The motto was originally a war cry or slogan. Mottoes first began to be shown with arms in the 14th and 15th centuries, but were not in general use until the 17th century. Thus the oldest coats of arms generally do not include a motto. Mottoes seldom form part of the grant of arms: Under most heraldic authorities, a motto is an optional component of the coat of arms, and can be added to or changed at will; many families have chosen not to display a motto.

Motto: Retinens vestigia famae
Motto Translation: Still treading the footsteps of an honourable ancestry.


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  1. ^ Shirley, Evelyn Philip, The Noble and Gentle Men of England; The Arms and Descents. Westminster: John Bower Nichols and Sons, 1866, Print.
  2. ^ Lowe, Mark Anthony, Patronymica Britannica, A Dictionary of Family Names of the United Kingdom. London: John Russel Smith, 1860. Print.

Other References

  1. Zieber, Eugene. Heraldry in America. Philadelphia: Genealogical Publishing Co. Print.
  2. Chadwick, Nora Kershaw and J.X.W.P Corcoran. The Celts. London: Penguin, 1790. Print. (ISBN 0140212116).
  3. Passenger Lists of Vessels Arriving at Galveston Texas 1896-1951. National Archives Washington DC. Print.
  4. Bardsley, C.W. A Dictionary of English and Welsh Surnames: With Special American Instances. Wiltshire: Heraldry Today, 1901. Print. (ISBN 0-900455-44-6).
  5. Crozier, William Armstrong Edition. Crozier's General Armory A Registry of American Families Entitled to Coat Armor. New York: Fox, Duffield, 1904. Print.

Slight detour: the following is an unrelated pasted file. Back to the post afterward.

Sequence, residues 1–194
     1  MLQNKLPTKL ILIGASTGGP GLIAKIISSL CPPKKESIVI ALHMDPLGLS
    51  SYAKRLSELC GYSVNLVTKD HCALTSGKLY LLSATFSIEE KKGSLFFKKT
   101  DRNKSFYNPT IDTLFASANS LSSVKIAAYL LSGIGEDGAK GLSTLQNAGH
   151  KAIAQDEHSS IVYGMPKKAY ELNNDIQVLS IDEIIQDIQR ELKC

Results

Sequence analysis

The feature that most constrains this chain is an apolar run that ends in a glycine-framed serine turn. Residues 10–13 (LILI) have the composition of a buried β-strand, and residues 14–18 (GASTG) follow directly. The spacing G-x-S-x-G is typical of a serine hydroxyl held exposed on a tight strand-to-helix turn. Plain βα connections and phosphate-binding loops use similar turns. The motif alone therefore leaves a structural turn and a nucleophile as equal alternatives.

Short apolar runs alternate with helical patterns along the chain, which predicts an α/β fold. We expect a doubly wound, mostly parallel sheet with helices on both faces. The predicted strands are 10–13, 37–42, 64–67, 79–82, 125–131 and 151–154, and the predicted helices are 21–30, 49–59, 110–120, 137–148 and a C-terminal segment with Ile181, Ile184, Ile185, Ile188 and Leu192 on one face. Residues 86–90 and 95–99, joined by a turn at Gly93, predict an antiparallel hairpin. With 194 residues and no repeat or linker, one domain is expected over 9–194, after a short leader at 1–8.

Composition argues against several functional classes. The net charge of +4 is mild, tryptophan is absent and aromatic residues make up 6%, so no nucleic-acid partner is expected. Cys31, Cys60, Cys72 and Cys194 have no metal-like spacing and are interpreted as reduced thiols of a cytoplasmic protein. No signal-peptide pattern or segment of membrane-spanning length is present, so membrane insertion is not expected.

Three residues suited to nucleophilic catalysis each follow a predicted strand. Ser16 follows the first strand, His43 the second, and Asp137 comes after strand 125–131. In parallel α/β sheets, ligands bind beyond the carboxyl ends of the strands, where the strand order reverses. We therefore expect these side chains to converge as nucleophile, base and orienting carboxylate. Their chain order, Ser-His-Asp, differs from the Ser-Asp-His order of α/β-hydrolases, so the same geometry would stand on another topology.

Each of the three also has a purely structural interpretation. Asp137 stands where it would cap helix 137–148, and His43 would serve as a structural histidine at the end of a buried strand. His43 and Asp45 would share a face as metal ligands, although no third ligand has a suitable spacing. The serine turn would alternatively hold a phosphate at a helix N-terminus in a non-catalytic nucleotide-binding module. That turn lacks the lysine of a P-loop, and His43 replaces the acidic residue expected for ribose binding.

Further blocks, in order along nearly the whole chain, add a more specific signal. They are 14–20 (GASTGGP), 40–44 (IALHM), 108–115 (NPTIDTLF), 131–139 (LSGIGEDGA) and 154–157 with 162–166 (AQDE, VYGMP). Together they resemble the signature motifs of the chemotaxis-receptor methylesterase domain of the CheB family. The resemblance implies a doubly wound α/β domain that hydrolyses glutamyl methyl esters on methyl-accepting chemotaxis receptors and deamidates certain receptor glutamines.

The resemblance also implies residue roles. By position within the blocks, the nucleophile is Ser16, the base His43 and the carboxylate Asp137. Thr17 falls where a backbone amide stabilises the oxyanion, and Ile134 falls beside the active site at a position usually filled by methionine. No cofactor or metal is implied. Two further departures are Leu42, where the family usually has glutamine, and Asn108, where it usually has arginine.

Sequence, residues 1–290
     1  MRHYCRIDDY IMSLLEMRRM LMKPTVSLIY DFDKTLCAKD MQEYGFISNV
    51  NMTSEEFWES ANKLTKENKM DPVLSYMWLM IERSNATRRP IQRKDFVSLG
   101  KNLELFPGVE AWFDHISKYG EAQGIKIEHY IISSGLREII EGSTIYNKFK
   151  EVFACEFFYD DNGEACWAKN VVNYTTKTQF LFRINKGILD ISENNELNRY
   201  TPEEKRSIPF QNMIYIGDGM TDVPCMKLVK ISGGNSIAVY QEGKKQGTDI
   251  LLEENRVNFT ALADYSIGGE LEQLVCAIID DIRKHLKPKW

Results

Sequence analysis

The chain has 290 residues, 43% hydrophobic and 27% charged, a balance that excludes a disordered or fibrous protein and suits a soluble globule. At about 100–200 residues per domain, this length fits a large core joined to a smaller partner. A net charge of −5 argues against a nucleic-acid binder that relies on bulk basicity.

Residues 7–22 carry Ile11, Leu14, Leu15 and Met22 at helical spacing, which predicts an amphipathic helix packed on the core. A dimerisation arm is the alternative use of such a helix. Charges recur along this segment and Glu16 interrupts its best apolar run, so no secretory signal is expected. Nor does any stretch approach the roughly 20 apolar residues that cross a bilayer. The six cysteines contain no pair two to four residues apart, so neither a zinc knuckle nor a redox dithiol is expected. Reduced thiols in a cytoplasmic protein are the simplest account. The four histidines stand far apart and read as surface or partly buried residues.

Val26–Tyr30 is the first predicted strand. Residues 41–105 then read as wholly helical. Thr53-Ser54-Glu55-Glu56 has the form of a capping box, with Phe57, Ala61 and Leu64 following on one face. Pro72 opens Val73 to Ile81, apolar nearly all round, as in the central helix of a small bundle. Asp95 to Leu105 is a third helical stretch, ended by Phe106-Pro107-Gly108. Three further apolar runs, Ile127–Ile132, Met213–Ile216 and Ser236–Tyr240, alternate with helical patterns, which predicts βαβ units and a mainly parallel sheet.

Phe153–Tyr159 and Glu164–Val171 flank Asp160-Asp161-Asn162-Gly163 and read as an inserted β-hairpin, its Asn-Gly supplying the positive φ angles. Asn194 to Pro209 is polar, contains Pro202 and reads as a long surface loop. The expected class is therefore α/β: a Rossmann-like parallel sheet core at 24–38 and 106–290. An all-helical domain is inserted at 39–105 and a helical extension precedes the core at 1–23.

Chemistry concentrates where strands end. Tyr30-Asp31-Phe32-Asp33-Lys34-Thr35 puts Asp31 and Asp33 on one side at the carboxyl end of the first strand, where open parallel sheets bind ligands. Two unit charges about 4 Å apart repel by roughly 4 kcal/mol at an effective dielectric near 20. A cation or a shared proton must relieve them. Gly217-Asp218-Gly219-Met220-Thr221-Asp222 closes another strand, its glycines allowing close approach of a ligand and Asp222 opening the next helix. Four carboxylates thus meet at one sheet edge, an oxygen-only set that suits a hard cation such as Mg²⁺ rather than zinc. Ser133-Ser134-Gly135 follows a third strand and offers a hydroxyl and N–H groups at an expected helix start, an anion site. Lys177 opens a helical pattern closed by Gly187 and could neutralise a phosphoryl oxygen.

6. Browning, Charles H. Americans of Royal Descent. Baltimore: Genealogical Publishing. Print.
  7. Ingram, Rev. James. Translator Anglo-Saxon Chronicle 1823. Print.
  8. Hinde, Thomas Ed. The Domesday Book England's Heritage Then and Now. Surrey: Colour Library Books, 1995. Print. (ISBN 1-85833-440-3).
  9. Lennard, Reginald. Rural England 1086-1135 A Study of Social and Agrarian Conditions. Oxford: Clarendon Press, 1959. Print.
  10. Bowman, George Ernest. The Mayflower Reader A Selection of Articales from The Mayflower Descendent. Baltimore: Genealogical Publishing. Print.
  11. ...

The Lister Family Crest was acquired from the Houseofnames.com archives. The Lister Family Crest was drawn according to heraldic standards based on published blazons. We generally include the oldest published family crest once associated with each surname.

This page was last modified on 4 November 2015 at 13:29.